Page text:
Phaeton BooksPhaeton Books Phaeton Publishing Ltd., 28 Leeson Park, Dublin 6, Ireland
telephone: 00-353-1- 498 1893
email: phaeton[at]iol[dot]ie






– Stories of Catholic Belfast during the Troubles of 1968-1998

'OUR TROUBLES' by Anthony Canavan

by Anthony Canavan
— who grew up in North Belfast during the Troubles, in which he lost family members and friends through violence. He attended St Malachy's College before going on to Queen's University Belfast, where he studied history and politics. After graduating from QUB, he began his career as the Curator of Newry Museum in County Down. While there, he wrote Frontier Town, an illustrated history of Newry, which was shortlisted for an Irish Book Award in 1990. On his marriage in 1996, he moved to Dublin, where he began work as a freelance editor and reviewer before joining Books Ireland magazine as its Editor. He is currently Consultant Editor with Books Ireland, and is a regular contributor to History Ireland magazine, and over the years he has written articles for academic books and other publications on history, culture, film, and literature.

Our Troubles
Gripping, eye-opening stories of ordinary, quiet nationalists trying (without success) to live a normal life in North Belfast during the Troubles, when normality was thin on the ground and power was regularly abused. Even for the non-involved, a knock on the door could be followed by a group of soldiers entering the house.
“I have always felt that the lives of ordinary Catholics during those years have largely been left out of the narrative of the Troubles.” —Anthony Canavan

The area was an uneasy spot in those years, accounting for one in six of the Troubles’ fatalities, and is where the author, Anthony Canavan, like his principal character Finn, was born and bred.  Like Finn, the author went to St. Malachy’s College and then to Queen’s University, and his intimate knowledge of his character’s time and place is a great strength of the stories. Of his own life there, he writes in his introduction:
“Most people just tried to get on with their lives. Those that had jobs went out to them each day, not knowing if they would come home in one piece… Funerals were a common feature of our existence as people were killed – usually shot, but sometimes the victim of bombs.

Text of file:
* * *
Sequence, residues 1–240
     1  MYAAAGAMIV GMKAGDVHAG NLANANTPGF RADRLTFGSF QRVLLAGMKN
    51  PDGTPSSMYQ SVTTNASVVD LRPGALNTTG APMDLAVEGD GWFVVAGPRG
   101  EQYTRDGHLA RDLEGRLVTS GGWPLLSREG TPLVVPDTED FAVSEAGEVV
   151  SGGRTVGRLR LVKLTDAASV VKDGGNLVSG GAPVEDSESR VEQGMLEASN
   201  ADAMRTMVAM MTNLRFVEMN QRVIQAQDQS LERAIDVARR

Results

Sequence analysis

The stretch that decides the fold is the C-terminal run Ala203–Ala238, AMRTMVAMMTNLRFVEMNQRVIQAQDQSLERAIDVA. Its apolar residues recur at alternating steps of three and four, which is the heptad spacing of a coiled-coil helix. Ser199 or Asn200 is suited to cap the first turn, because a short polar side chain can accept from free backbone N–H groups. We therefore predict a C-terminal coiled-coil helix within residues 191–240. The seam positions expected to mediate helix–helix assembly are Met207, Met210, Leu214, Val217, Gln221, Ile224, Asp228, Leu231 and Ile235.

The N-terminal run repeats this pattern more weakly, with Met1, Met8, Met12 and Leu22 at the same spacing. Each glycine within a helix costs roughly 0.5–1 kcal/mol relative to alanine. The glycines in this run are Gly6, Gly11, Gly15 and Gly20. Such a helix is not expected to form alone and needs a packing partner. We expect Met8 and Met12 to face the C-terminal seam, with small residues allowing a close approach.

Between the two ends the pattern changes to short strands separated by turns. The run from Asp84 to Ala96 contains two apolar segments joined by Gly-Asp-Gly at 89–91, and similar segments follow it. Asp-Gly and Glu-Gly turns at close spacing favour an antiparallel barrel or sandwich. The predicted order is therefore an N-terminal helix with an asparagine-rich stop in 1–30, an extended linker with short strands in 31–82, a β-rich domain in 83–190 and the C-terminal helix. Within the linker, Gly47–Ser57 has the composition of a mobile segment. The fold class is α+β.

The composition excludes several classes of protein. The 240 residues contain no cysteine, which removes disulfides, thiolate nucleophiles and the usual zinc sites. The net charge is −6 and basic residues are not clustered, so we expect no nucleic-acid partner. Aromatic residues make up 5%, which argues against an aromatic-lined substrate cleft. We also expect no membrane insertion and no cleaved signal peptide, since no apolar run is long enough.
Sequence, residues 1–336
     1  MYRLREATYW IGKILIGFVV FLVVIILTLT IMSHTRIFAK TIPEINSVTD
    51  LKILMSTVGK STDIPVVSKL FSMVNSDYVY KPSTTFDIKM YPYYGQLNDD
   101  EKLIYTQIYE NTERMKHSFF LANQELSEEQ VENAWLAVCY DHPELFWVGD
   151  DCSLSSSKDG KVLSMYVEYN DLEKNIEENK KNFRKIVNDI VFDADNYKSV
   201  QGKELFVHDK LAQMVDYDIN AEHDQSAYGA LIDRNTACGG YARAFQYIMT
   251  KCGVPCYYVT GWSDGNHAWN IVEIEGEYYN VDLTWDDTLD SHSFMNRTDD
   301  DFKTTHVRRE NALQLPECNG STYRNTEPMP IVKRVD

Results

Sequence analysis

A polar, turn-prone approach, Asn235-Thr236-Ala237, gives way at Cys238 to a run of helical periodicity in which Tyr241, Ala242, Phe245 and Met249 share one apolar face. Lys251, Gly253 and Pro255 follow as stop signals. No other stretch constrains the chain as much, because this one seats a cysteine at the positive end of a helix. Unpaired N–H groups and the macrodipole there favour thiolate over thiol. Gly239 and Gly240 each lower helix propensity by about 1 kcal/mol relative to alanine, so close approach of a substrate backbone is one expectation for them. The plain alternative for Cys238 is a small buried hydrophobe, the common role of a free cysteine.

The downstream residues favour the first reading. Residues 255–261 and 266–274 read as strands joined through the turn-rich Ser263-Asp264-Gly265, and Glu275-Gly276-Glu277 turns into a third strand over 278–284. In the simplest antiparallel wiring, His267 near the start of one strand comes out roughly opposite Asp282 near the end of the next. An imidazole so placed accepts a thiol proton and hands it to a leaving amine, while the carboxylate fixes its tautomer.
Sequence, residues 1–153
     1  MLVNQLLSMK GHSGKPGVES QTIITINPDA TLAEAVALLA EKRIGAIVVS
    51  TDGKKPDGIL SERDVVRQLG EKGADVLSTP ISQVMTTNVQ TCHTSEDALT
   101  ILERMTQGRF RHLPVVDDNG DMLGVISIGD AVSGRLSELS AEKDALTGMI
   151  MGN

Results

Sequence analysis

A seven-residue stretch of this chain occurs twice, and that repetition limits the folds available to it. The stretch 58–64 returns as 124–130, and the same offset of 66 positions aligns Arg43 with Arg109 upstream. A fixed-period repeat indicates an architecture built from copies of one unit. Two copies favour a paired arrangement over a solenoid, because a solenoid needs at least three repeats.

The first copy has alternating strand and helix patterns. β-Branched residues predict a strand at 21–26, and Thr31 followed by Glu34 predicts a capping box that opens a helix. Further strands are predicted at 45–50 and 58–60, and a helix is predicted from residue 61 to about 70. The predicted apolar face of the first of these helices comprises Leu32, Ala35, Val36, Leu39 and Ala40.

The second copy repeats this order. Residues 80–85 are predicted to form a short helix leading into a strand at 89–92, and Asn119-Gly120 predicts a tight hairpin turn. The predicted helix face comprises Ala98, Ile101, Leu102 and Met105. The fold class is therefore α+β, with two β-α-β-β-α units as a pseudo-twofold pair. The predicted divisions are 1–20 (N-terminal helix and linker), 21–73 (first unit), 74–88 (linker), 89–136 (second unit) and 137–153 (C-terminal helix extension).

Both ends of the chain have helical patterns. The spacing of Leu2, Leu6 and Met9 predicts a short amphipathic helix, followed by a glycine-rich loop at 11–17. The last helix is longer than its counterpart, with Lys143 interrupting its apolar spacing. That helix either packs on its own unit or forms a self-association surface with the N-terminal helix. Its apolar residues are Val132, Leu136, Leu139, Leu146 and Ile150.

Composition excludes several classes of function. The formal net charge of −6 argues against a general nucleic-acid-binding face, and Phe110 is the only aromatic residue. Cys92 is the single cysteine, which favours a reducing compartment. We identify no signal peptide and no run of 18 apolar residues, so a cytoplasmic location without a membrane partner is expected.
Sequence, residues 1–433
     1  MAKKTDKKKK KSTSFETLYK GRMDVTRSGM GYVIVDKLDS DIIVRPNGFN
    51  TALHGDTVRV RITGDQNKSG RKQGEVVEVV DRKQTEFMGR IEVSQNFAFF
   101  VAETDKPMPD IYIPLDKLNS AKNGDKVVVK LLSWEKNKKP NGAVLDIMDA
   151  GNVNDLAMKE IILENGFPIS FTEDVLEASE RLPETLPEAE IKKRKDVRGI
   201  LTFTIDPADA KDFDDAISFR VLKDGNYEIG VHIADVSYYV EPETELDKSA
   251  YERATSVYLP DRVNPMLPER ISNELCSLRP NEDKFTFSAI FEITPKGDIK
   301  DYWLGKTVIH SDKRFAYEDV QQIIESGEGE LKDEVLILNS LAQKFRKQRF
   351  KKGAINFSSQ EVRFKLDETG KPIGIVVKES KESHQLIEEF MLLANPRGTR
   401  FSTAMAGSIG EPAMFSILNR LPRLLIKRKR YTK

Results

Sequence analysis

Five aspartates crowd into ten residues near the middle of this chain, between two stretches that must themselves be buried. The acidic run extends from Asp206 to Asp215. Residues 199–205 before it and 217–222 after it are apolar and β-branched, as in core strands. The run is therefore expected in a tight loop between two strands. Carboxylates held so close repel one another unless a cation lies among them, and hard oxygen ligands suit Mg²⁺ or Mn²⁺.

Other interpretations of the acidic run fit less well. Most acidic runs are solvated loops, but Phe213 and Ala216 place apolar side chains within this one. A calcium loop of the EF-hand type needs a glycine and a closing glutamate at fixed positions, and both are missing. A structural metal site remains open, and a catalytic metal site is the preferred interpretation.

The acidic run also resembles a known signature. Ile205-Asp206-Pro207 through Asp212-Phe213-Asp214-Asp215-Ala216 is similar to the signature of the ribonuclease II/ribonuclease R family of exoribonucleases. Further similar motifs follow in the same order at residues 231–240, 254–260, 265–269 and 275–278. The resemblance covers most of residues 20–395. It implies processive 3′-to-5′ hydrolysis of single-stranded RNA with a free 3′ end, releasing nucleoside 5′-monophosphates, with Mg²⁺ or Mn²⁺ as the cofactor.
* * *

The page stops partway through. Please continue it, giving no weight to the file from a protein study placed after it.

“I was personally affected by the loss of two uncles, murdered by Loyalists, and more indirectly when three of my aunts and their families were forced out of their homes in Annalee Street by a Loyalist mob while the British Army looked on. Also, two of my cousins spent time in Long Kesh for their involvement with the IRA.  In my wider circle, friends that I had been to school with were killed in the Troubles or spent time in prison. Some people just went away and were never heard of again.”

What made these losses harder to bear was what the author – and the author’s character – perceived as the official indifference to victims of violence who were nationalists. His character, Finn, sadly sums up this indifference in the story “A Wee Hard Man”:
“Automatically, Finn added Kevin Myler to the mental list of people he knew who had died in the troubles: Uncle Christy, Uncle Jimmy, Terry Morgan, other neighbours from home. Kevin’s death didn’t seem exceptional…
“As they filled in the blanks – Paddy and Colm were much better at keeping track of people than Finn was – it became clear that of the forty-two boys in their year, only about half had ordinary lives. Some had just dropped off the radar, the rest were in prison, on the run, or dead. So there was nothing special about Kevin…”


“…Our Troubles is poignant, funny, and sad. It brought me back to my child-hood, a time I look back on with fondness but to which I never want to return.” — Tim McGarry, writer of the BBC television comedy series Give My Head Peace.

Our Troubles — in Paperback and in Hardback editions, on 158 demy-octavo-size pages —
ISBN (pbk): 978-1-908420-336, r.r.p.: £20 /€23 /$25
ISBN (hbk): 978-1-908420-343, r.r.p.: £30 /€35 /$38

Exceptional Books and Exceptional Authors !